Man of La Mancha is a curious beast. Often dubbed as one of the classic “lost” musicals, it was last seen in the West End in the 1960s but is currently being revived at the London Coliseum.
The novelty of the casting and brightness of the music in Man of La Mancha make a big impression, though be warned that the show is not without its darker elements, some intended and others not.
Despite the best efforts of Kelsey Grammer in the lead role, this leaden and often down right confusing revival of Man of La Mancha at the London Coliseum is unlikely to give the show new impetus on this side of the pond.
Man of La Mancha is considered a ‘rare’ revival and from this production it’s pretty clear why. The story is highly dated and it’s evidently a very hard piece to stage.
As part of a new series, our editor Lisa Martland picks out seven of her Top Picks from the last week of theatre (29 April-6 May 2019), ranging from Johnny Fox’s nostalgic return to see All My Sons and Maryam Philpott’s thoughts on the much-anticipated Rosmersholm starring Tom Burke and Hayley Atwell.
It has been 50 years since Man Of La Mancha last played in London’s West End and based upon this year’s offering from the ENO and co-producers Grade-Linnitt it is easy to see why.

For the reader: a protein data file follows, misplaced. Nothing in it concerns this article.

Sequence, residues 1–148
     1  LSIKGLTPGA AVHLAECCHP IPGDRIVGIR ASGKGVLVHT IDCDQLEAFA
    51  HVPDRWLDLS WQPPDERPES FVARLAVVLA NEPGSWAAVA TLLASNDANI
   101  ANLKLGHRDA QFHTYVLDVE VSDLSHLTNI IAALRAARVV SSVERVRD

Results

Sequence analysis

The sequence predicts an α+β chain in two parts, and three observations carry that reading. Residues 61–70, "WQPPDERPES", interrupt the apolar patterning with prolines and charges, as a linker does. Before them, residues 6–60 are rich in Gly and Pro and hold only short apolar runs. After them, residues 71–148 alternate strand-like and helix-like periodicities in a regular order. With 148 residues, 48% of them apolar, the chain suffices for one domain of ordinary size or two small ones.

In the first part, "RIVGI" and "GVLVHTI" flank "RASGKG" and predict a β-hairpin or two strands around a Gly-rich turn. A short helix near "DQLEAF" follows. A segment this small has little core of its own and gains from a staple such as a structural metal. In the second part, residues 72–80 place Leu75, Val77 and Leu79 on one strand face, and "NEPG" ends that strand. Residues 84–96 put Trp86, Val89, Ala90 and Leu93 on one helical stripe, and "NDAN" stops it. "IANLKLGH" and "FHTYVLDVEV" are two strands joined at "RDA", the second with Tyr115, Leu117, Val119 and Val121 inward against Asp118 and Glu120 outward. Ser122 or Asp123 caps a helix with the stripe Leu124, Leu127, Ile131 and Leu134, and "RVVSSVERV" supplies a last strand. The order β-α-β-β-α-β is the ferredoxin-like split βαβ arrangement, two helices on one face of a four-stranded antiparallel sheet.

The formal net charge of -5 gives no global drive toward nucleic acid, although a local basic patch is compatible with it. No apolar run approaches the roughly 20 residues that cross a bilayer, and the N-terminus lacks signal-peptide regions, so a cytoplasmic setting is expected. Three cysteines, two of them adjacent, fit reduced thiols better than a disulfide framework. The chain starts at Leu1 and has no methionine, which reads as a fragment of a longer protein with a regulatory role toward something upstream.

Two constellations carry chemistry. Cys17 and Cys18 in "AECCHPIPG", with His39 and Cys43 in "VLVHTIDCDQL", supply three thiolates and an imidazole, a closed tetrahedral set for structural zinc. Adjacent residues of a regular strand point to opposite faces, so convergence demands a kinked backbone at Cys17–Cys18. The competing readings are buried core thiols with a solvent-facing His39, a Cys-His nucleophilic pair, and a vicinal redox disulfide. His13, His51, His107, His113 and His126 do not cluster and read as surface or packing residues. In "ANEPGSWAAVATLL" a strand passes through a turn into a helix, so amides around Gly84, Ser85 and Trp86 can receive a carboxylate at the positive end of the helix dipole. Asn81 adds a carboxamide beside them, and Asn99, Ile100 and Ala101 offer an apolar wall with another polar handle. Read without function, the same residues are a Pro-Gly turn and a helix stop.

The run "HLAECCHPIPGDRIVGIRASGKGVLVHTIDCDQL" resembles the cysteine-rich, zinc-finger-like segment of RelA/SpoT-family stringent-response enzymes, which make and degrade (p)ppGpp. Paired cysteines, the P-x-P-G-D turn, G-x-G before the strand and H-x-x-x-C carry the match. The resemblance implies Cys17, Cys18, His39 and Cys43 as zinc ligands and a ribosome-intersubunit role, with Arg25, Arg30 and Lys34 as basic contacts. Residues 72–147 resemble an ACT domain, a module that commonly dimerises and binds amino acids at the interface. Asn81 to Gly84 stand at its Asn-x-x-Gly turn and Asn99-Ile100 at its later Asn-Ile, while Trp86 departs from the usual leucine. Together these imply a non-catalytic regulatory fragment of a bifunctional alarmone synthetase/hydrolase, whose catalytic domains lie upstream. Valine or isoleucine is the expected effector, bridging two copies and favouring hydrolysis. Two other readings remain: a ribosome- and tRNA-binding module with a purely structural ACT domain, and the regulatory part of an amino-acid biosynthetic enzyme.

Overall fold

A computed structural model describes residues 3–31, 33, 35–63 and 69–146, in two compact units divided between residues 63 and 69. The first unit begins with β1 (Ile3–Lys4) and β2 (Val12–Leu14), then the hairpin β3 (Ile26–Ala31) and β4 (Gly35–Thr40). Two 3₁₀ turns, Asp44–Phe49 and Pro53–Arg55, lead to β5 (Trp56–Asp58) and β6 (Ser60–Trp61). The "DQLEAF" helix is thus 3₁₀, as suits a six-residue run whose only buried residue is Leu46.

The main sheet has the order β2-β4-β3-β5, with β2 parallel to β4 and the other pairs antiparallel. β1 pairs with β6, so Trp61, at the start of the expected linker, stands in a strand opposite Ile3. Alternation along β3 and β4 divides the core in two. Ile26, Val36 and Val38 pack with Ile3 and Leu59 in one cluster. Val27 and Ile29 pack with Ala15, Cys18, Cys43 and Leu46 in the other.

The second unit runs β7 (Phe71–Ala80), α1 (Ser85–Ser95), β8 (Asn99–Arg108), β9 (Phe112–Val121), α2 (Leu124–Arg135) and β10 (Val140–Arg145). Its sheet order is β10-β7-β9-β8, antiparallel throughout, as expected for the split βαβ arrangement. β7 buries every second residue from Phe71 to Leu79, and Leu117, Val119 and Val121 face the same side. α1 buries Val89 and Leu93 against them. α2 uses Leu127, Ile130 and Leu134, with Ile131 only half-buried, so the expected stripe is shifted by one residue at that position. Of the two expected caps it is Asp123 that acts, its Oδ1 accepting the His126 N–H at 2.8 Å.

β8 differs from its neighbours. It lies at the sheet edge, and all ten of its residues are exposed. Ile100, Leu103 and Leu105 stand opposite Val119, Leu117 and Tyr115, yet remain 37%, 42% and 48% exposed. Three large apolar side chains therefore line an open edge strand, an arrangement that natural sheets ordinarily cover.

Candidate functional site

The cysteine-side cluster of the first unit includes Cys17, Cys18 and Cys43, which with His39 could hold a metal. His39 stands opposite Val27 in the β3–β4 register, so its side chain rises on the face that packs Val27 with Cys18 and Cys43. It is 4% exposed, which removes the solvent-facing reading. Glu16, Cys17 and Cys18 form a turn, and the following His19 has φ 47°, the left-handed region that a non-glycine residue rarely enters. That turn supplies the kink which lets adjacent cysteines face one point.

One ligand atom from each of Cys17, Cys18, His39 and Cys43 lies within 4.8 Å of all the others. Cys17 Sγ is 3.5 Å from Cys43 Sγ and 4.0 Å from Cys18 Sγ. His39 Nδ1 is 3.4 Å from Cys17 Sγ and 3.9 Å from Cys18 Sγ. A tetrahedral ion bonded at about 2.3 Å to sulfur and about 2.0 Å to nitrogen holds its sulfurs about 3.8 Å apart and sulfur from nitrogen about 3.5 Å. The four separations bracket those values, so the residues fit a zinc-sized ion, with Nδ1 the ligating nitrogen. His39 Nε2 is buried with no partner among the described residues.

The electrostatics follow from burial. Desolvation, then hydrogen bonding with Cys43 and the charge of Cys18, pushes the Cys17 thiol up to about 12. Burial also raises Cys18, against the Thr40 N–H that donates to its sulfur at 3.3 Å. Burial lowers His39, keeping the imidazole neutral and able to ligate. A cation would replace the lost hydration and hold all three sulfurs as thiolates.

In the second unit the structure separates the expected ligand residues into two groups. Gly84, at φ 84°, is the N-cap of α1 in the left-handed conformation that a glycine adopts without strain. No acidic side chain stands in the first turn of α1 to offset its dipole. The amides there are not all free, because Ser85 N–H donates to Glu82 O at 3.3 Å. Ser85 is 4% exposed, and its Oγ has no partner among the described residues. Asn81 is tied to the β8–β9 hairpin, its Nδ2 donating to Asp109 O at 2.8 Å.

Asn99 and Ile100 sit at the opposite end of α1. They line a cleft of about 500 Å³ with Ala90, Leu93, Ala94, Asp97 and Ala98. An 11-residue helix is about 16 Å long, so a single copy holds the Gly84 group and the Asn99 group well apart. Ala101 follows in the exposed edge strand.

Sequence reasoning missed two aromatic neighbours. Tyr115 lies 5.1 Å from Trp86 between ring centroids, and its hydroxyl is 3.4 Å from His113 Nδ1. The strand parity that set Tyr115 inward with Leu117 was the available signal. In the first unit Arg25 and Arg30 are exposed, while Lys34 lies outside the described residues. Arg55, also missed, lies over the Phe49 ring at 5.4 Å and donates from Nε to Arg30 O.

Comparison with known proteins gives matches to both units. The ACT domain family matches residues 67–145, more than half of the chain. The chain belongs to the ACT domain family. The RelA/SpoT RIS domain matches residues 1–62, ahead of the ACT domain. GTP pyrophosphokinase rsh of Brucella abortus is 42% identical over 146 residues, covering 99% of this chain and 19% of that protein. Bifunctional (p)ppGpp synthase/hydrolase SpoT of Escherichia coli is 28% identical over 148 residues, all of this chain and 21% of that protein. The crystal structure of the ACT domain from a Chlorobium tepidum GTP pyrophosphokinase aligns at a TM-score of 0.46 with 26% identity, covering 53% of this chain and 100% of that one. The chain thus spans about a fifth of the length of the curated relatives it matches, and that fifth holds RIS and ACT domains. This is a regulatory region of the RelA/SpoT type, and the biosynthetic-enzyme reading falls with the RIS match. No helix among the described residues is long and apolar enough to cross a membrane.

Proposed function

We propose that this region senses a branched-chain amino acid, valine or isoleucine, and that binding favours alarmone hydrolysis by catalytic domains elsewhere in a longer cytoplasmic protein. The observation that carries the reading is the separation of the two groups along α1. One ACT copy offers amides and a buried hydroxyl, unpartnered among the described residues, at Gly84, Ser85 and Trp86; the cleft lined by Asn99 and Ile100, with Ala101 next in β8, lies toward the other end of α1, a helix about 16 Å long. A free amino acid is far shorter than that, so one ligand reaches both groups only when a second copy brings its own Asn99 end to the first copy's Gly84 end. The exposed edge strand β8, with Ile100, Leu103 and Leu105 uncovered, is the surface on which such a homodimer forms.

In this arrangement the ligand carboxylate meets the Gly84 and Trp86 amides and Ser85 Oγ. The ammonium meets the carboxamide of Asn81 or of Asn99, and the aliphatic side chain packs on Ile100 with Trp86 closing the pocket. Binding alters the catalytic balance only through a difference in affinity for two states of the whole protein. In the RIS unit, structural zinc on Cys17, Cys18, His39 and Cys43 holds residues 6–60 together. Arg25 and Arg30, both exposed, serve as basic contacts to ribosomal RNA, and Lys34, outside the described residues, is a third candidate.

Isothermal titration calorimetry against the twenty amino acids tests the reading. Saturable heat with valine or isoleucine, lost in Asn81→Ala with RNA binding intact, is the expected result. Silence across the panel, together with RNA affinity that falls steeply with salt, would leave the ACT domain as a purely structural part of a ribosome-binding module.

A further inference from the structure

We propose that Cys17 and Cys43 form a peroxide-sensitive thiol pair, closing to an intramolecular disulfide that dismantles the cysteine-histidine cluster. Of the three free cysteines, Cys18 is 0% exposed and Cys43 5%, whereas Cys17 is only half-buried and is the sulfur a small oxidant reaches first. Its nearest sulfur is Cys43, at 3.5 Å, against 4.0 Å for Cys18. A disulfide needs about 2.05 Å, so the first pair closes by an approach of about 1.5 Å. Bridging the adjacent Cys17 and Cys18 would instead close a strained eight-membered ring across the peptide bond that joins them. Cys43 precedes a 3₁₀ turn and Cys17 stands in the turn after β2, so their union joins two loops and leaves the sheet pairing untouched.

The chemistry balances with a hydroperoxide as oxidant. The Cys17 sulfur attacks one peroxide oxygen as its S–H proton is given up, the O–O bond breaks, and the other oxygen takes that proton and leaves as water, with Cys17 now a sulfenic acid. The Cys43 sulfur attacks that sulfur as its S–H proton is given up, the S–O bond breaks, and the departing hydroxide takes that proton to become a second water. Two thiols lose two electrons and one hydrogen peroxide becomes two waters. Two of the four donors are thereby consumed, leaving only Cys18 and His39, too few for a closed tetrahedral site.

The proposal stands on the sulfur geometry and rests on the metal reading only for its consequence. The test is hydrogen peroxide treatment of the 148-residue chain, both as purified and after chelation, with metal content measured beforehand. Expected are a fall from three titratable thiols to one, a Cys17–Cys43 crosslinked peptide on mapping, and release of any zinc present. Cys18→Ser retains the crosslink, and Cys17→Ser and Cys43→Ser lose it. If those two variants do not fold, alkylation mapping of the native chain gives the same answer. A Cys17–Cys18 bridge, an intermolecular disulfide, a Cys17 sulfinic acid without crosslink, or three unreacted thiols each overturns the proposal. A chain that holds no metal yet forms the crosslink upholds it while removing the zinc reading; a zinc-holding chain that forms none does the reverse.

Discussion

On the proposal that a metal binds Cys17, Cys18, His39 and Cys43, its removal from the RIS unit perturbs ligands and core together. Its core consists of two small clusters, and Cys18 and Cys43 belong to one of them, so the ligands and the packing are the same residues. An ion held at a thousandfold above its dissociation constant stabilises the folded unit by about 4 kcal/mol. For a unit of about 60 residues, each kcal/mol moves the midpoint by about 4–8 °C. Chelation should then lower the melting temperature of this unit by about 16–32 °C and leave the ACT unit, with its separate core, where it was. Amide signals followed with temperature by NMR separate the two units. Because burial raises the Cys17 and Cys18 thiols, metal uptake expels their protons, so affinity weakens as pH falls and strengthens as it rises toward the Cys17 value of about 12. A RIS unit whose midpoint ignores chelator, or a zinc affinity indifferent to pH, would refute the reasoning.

Love London Love Culture rounds up the reviews for the revival of the musical Man of La Mancha, playing a limited season at the London Coliseum.
One wonders which came first for the Grade/Linnit company – the misguided desire to mount an epic scale production of Man of La Mancha, a musical which hasn’t been.produced in London since 1968 for very good reasons, or the need to find a project for Kelsey Grammer?
Renowned stage, film and TV performer Peter Polycarpou will play Don Quixote’s squire, Sancho Panza in Man of the Mancha at the London Coliseum; the first West End production of this multi-Tony Award-winning Broadway musical for 50 years.